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Thank you! Sorry for my delay. I ended up going with an old retiree who does electronics repairs (mainly TV) out of his garage, via Craig's List. He charged me $75. Not bad since then I did not have to acquire the tools, etc., plus the unit was free with stand. I have since acquired a 34960 for $20 and found another 34960 with stand for cheap (so I may have four of these soon). I will probably keep two and sell the other two to keep them out of the landfill. I also have two Sony SAT-HD200, one brand new, and the other won't power on (another project!).

Great TVs, and great tuners.
keep me posted on your progress and project(s) :)
 

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Update summary: My replacement chips lasted from March of 2015 until August of 2017 (so about 2.5 years) and new ones from Aliexpress seem to work.

I started to get the six or seven blinks and had to try to turn the TV on a couple times before it would stay on. When that stopped working I did the "secret menu" trick to get it to stay on (from off state press display, then 5, then vol -, then pwr). I left it on for a few weeks while the replacement MCZ3001DB chips came from China. I ordered six chips for less than $10 total shipped via aliexpress instead of ebay this time. It takes about a month to arrive from China using the epacket shipping, but they are cheaper and the same thing you get from US sellers without their markup. If you need them quickly, order from a US seller on Amazon or ebay.

Here's a direct link to my AliExpress purchase: https://www.aliexpress.com/item/MCZ3001D-MCZ3001DA-MCZ3001DB/32820408988.html

They were the cheapest but the seller seems to have taken over two weeks to actually ship the item (eight days to mark it shipped and then over one additional week to actually get it to the shipper), which then took 10 more days to arrive (10 days is about right for an epacket).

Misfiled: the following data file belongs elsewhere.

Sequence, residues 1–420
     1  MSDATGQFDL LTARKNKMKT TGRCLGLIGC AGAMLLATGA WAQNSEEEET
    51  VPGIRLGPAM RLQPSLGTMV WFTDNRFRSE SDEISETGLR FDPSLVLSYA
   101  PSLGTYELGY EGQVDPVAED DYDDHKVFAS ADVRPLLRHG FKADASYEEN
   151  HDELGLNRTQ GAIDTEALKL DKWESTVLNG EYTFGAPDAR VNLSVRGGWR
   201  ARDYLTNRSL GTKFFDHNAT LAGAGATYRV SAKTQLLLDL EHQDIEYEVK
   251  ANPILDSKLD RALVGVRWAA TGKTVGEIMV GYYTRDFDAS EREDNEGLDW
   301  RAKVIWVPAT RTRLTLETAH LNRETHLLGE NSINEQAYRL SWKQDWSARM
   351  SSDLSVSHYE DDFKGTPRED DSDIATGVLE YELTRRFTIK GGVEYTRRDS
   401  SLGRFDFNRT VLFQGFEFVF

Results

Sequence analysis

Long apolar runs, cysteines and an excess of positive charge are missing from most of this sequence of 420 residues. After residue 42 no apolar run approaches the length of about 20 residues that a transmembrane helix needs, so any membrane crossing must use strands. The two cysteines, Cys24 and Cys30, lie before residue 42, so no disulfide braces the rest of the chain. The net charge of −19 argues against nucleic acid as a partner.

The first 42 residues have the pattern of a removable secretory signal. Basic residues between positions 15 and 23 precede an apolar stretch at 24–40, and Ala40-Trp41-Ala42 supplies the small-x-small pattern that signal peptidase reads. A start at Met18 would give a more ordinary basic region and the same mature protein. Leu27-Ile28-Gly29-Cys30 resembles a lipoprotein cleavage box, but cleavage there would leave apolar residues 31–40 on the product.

The day my chips arrived, the TV had been on a couple weeks and was starting to have a red tint on dark scenes. It was kind of odd. Bright scenes would display normally, but dark scenes (like a space star field with one ship) would slightly shrink the screen and add a red tint. Knowing I was about to replace the chips, I tried turning the TV off to see if the red tint would go away. The TV would not turn back on even when I tried unplugging it or using the secret menu.

I had previously soldered sockets, so this time I only had to rotate the heavy TV, unscrew 18 screws, slide the back cover off, pop out the old replacement chips, and install the new replacement ships. Then I tested it and put it all back together. Still a bit of work but less than last time (socket idea was brilliant). The red tint issue is gone and the TV works normally again. We'll see how long these last or if I finally spring for a new OLED TV before these replacements fail.
Six months later, those chips (or at least one) failed, and the TV would not turn on. Unplugging didn't work, nor did the secret menu trick. Installed some more of the AliExpress chips (I ordered three sets when I did this last year) and now it's working again. My improved technique this time was putting this heavy beast on cardboard (instead of an old towel) so I could rotate it without scratching the stand. Cardboard worked better because it didn't bunch up and get stuck when putting the cover back on like the towel did. At a relaxed and detail-oriented pace, it still takes over two hours of fiddling with 18 screws and the two chips to do this at an awkward angle on the stand near the wall (including time to cut the cardboard, disconnect/reconnect cables, move speakers and other crap, shift the tubby tele', etc.). I should probably buy a chip puller tool to more easily remove them from their sockets, but oh well.